AlexRuizArt Featured By Owner Apr 19, 2013  Professional Digital Artist
The role of the concept artist can be all over the place depending on the circumstances, and project, as you say. First and foremost, you need to draw and paint any given idea. Coming up with good sketches and ideas is your main priority. As far as paintovers, those are very common as well...in many ways those can be fun and easy because the composition and basic forms are there...so that's when you need to great at texturing and photo-bashing. But again, if you can paint and draw well, you might( and most likely will) be asked to do poster and promotional art, as well as 3d stuff( if you can). So in many ways the concept artist is a generalist, being expected to do a wide range of things...so definitely be prepared!:) Hope this helps.
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:iconslashagasaurus:
Slashagasaurus Featured By Owner Apr 19, 2013  Professional General Artist
I see. Thanks so much for the info! I have the problem of not being sure of what exactly I want to specialize in right now, lol. So as a result it's kind of put me in this position where I also don't know what to really practice with, since my goal is to build up a better portfolio before I try actually applying to places (as right now I just freelance here and there). And one thing I've heard people in the industry say over and over is that usually they want specialists, not a jack of all trades but master of none type of thing. The pay's good with freelancing at least, but only for as long as the project lasts. At a company, at least there's a chance they might keep me on after a project winds up, haha. But thanks again, your response has definitely given me something new to consider possibly working toward. (:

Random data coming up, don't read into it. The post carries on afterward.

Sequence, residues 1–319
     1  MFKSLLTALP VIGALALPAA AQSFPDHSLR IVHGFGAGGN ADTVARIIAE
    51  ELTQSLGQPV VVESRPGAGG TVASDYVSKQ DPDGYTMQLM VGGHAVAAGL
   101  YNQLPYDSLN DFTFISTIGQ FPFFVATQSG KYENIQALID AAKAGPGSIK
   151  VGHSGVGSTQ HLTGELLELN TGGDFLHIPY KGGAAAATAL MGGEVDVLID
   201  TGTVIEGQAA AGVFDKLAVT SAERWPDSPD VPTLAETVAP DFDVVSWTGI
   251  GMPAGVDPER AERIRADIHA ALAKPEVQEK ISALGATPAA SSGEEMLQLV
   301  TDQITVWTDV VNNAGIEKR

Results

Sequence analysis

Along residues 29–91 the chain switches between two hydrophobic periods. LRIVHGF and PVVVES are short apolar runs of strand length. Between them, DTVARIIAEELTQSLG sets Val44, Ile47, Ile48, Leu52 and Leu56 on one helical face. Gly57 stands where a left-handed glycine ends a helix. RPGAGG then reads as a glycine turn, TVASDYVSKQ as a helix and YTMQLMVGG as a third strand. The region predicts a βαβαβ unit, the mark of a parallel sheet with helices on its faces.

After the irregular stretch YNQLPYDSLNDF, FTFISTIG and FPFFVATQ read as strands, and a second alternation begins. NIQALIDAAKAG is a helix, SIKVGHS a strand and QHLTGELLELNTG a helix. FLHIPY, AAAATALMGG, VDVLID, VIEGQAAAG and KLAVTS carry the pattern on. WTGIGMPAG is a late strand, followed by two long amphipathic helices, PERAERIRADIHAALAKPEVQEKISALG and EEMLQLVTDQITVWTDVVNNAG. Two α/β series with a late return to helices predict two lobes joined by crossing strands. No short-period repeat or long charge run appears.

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:iconi-plexiglass:
I-Plexiglass Featured By Owner Apr 11, 2013  Hobbyist Digital Artist
This is marvellous, thank you so much for this valuable bit of information! I'm planning on going into the workplace in
digital animation and concept art, and I often wonder about the process of concept design. Just a question, how many
concept works need to be done in order to properly choose the final design? I'm betting one or two doesn't cut it.

It's amazing to see the image transform from an incomplete but essential layout into a fully-realistic, whole sort of world.
I love seeing concept art for a finished product almost more than the product itself.
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:iconburtonfan96:
Burtonfan96 Featured By Owner Apr 7, 2013  Hobbyist General Artist
I LOVE THIS URE DOING! :D
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:iconigorsanchez:
igorsanchez Featured By Owner Apr 6, 2013
Thanks!!! (estoy deseando ver tus tutos)
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:iconfelipecagno:
FelipeCagno Featured By Owner Apr 4, 2013  Professional
Quick question, do you currently work in a FX production house?

You are extremely talented and I was wondering where do you apply those awesome skills :)